DLD Shares Evidence-Based Practices in Cuba
Board member Diane Rodriguez, who chairs the Cultural and Linguistic Diversity subcommittee, invited the DLD board to get involved in Havana at the International Congress on Teacher Training and Education Research Docencia Conference held from the 25th through the 29th of October. Hosted for the first time ever in Cuba, the conference included 29 Americans joining over 400 scholars from across Latin America. Coincidentally this occurred shortly before Fidel Castro passed away. During our brief visit, Cuba noted anniversary of Columbus’ arrival (October 28), participated in Cuba’s ongoing celebration of Fidel’s 90th birthday, and witnessed the first ever US abstention from a UN vote condemning the Cuba Embargo. This was an international event organized by the Pedagogical Science University Enrique José Varona from Cuba. Then-DLD president Linda Mason was interviewed by the Cuban print media and she highlighted the importance of supporting individuals with disabilities and international collaboration.
Several of the board presented evidence-based practices. We joined to create and translate into Spanish two presentations and we invited doctoral students and colleagues to help us. One panel presented Self-Regulated Learning for Students with Disabilities(Mason, deBettencourt, Lavin, Faggella-Luby, and Mamlin.) This panel described direct and explicit instruction principles, including the changing responsibilities of teacher and student during mediated learning. The presentation highlighted two evidence-based interventions (Self-Regulated Strategy Development and the Strategic Instruction Model). The panel concluded with handouts for practitioners on the roles of general and special educators during explicit instruction of students with disabilities.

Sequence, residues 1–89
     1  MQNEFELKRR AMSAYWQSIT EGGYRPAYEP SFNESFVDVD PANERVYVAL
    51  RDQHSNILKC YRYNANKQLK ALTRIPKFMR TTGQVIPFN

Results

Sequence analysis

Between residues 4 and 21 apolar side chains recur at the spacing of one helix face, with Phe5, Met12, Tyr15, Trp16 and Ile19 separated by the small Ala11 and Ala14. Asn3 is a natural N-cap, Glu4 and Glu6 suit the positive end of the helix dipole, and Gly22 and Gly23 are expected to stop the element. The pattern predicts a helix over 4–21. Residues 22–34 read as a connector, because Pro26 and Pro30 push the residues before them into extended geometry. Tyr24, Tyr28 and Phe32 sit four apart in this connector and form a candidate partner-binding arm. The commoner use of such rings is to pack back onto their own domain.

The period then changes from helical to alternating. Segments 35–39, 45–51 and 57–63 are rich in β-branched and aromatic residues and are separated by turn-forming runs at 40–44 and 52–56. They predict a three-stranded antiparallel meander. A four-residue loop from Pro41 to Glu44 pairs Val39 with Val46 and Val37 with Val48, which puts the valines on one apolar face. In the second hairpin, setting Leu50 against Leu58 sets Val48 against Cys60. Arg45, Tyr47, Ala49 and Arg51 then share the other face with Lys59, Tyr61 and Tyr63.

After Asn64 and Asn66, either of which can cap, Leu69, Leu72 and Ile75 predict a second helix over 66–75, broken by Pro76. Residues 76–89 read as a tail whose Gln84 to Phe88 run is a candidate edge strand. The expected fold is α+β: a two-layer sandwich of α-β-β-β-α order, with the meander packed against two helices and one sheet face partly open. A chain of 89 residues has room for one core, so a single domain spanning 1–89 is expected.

The second explained Data-based Individualization for Reading Intervention for Students with or at Risk for Learning and Intellectual Disabilities (Al Otaiba, Lemons, McMaster, Pappamihiel, & Polanco). This panel described response to intervention, or multi-tiered systems of supports, for struggling readers, characteristics of students who have not adequately responded to intervention, small group or peer-assisted intensive interventions, and what special educators need to know about data-based tertiary intervention, or special education. The panel concluded with a set of 10 evidence-based tips that are helpful for training educators who teach reading to students with disabilities.
As teachers across the US plan for the start of the new school year, we hope you will find information about these and other evidence-based practices on our website. We also hope you will enjoy the DLD session at the CEC in Tampa conference and that you join us in our commitment to improving the lives of all individual with learning disabilities here and across the globe!PDF Back